Rule 10(c) first requires that a vessel shall so far as practicable avoid crossing traffic lanes or a Traffic Separation Scheme. Secondly, it requires that if a vessel is obliged to cross traffic lanes it should do so steering at right angles to the direction of traffic flow. Rule 10 (j) requires that a vessel of less than 20 metres in length or a sailing vessel shall not impede the safe passage of a power-driven vessel following a traffic lane.

National Laws

The National Laws of both France and the United Kingdom require compliance with the International Regulations for Preventing Collisions at Sea. In addition, according to French law, vessels are classified according to their characteristics, such as beach amusement craft, which in French waters are not allowed to sail more than 300 metres from the coast. Moreover French Law makes it compulsory for organisers of any regattas, racing events, etc., to inform the French Administration in advance.

Unconventional crossings of the Dover Strait in unorthodox craft

Most of the unorthodox craft used in attempts to cross the Dover Strait are very small and have limited speed and ability to manoeuvre. They are not adequate for deep-sea navigation in a heavy traffic area. Their presence, or that of a group of them in the Dover Strait, will dangerously impede the vessels in the traffic lanes and may lead to a marine casualty. It is the view of the Anglo/French Safety of Navigation Group that such crossings are highly irresponsible, and that potential participants must be persuaded to look for a challenge elsewhere, in areas where they do not constitute a hazard to other people going about their lawful activities.

As clearly stated above the Maritime Prefect of the Channel and the North Sea has issued an order (No 14/93) expressly forbidding swimming and associated activity of an unorthodox nature within the Dover Strait Traffic Separation Scheme, within French territorial waters. The sole events excluded from the prohibition are those Cross Channel swimming attempts organised and approved by the Channel Swimming Association (CSA) and the Channel Swimming and Piloting Federation(CS&PF). Unorthodox craft, which are characterised by slow speed and poor or non-existent manoeuvrability, such as tyres, bathtubs, rafts and pedalos, are not authorised to proceed more than 300 metres from the French coast. As a consequence they do not have the right to sail in French territorial waters within the Pas de Calais Traffic Separation Scheme. The French Maritime Authorities prohibit crossings of the Pas de Calais by unorthodox craft setting out from the French coast. The same applies to beach pleasure craft. However, in exceptional cases the French Maritime Authorities may grant authority for unorthodox craft to cross French territorial waters within the Traffic Separation Scheme when these craft set off from the British coast, on condition that the request for authorisation is sent to them with the opinion of the British Maritime Authorities.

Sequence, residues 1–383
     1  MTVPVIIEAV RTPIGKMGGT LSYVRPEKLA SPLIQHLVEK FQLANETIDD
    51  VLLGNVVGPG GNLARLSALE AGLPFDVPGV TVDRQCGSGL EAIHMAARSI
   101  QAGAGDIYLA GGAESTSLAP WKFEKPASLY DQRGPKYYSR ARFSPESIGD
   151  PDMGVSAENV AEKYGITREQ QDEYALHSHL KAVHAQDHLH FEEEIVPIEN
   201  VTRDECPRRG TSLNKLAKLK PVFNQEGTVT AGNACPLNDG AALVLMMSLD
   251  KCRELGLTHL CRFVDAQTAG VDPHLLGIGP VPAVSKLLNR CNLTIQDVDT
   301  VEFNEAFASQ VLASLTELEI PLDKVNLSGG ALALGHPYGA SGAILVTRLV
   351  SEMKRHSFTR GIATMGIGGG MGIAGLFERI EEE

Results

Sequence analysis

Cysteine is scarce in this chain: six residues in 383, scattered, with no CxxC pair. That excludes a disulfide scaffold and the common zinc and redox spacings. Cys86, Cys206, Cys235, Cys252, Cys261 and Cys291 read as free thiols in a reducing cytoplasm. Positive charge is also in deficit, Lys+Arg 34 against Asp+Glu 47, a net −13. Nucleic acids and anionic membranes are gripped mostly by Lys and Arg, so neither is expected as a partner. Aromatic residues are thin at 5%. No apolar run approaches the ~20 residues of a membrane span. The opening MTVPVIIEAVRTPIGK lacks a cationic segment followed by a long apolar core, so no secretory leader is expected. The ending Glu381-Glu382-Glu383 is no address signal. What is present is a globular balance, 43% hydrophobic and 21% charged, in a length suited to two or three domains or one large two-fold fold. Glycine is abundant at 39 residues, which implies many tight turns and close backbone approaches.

Once you are certain you have met the above requirements you must also inform Dover Coastguard and CROSS Gris Nez of your intentions. You will find their contact details below.

Dover Coastguard

Dover Coastguard
Langdon Battery
Swingate
DOVER
Kent
CT15 5NA

Telephone:01304 218500
Fax:01304 218505
e-mail: channel.navigation@mcga.gov.uk

French Coastguard

Centre Régional Opérational de Surveillance et de Sauvetage (CROSS) Gris Nez
Audinghen 62179
Wissant
FRANCE

Telephone:(00 33) 3 21 87 21 87
Fax:(00 33) 3 21 87 78 55